Based on the foregoing, the BOP issued Bartelho an incident report, which charged him with attempted introduction of narcotics and use of mail for illegal purposes. Bartelho received a copy of the incident report, which charged him with this misconduct, on January 19, 2017. Bartelho was advised of his rights on that same day, and he remained silent and did not request any witnesses or a staff representative. The Unit Disciplinary Committee (“UDC”) held a hearing on January 22, after which the UDC referred the report to the Discipline Hearing Officer (“DHO”). The DHO gave Bartelho written notice of the hearing on January 22, and Bartelho indicated that he did not wish to have witnesses at the hearing but requested a staff representative. Bartelho was also given a written statement advising him of his rights. The DHO hearing was held on February 24, 2017, and Bartelho was represented by Senior Officer Specialist A. Fontes.

         At the hearing, the DHO confirmed that Bartelho understood his rights and that he did not want to present any witnesses. Bartelho gave a statement, claiming that he had made a card in hobby craft, and that he did not know what the envelope contained, as he simply reached into a box and put the card in the first envelope he found. His staff representative confirmed that he participated in hobby craft but stated that there was no videotape evidence of Bartelho looking into the card box. Bartelho did not present any evidence at the hearing.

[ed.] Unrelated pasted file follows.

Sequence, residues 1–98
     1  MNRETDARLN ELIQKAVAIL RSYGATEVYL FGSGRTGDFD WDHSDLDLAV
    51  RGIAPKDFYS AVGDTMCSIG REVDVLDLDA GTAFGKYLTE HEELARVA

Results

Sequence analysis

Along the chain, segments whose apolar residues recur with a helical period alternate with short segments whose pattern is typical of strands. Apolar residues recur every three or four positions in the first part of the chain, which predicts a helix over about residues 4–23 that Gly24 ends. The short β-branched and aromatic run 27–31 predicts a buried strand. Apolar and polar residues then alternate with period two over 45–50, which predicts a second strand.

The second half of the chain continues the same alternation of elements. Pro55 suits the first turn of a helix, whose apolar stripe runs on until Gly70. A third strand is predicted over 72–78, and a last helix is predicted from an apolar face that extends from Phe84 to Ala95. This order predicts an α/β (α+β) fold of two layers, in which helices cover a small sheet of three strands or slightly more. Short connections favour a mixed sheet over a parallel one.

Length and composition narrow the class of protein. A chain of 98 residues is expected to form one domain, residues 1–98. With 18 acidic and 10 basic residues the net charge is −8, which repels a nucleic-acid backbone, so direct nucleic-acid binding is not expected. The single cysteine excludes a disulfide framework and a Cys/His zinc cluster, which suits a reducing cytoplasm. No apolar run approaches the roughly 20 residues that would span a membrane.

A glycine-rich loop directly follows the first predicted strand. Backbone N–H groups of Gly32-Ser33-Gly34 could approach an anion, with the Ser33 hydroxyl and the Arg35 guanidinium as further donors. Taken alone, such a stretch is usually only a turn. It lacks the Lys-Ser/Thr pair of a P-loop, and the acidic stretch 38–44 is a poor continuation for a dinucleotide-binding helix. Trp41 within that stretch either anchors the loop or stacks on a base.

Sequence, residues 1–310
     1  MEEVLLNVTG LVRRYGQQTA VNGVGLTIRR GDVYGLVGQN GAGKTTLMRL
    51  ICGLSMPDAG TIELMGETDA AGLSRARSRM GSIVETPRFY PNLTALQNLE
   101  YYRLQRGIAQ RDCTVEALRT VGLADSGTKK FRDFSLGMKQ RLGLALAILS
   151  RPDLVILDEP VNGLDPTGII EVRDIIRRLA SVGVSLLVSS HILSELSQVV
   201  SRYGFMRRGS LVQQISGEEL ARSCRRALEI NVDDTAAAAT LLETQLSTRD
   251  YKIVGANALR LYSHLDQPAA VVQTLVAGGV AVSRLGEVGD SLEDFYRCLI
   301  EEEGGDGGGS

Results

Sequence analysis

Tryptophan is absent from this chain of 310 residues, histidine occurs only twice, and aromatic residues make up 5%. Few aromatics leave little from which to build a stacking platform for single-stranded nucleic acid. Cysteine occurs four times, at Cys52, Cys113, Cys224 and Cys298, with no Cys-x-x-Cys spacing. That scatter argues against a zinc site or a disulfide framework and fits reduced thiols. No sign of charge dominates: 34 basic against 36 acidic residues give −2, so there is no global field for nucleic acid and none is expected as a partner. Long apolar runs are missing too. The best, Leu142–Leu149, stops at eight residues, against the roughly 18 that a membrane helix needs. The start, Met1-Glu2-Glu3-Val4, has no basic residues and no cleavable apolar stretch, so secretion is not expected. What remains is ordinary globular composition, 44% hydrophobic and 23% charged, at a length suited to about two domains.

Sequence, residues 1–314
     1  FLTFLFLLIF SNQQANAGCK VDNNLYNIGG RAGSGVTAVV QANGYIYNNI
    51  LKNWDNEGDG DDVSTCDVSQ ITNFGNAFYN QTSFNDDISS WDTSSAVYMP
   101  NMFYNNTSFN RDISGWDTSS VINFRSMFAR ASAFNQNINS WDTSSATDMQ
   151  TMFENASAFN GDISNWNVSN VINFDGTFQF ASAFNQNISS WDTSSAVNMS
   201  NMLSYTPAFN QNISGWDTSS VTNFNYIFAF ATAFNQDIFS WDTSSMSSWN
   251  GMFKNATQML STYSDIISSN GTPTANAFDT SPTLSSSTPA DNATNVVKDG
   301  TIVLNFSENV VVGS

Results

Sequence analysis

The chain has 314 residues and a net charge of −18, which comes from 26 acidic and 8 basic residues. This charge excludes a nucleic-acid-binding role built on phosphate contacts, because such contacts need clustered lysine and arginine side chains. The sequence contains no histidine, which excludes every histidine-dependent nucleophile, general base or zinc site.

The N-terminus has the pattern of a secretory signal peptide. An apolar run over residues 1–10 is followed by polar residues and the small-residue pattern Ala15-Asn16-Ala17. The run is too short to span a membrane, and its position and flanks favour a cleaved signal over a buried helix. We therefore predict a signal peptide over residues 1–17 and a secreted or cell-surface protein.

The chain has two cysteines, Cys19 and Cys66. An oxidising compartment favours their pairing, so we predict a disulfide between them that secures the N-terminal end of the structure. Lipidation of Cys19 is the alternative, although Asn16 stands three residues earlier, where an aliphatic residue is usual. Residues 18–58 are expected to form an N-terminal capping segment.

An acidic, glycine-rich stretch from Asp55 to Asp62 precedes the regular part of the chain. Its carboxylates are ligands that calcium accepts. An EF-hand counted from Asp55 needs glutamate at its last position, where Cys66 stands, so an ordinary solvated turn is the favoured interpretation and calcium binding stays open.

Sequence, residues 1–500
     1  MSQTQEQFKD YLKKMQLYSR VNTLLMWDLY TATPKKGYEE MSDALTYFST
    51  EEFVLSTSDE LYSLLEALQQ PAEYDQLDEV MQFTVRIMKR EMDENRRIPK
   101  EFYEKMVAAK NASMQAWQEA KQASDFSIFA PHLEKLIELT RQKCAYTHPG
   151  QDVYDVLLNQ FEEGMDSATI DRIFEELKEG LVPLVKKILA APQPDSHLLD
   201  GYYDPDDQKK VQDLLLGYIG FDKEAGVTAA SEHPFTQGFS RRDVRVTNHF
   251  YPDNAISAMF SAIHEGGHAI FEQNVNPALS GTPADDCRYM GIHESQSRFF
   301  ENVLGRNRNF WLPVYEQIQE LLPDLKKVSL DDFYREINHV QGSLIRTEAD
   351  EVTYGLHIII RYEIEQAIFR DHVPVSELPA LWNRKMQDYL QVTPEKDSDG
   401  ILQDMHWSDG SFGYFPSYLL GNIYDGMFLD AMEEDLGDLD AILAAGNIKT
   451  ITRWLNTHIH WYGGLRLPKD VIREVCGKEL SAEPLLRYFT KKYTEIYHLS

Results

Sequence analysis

In addition to the petitioner's and his staff representative's statements, the DHO relied on the officer's report, photographic evidence, an address list, and Bartelho's disciplinary record. The photographs indicated Bartelho's name on the envelope, as well as the instructions on the inside of the envelope regarding the introduction of narcotics. Further, Bartelho's disciplinary record indicated a history of attempting to introduce narcotics, among other infractions.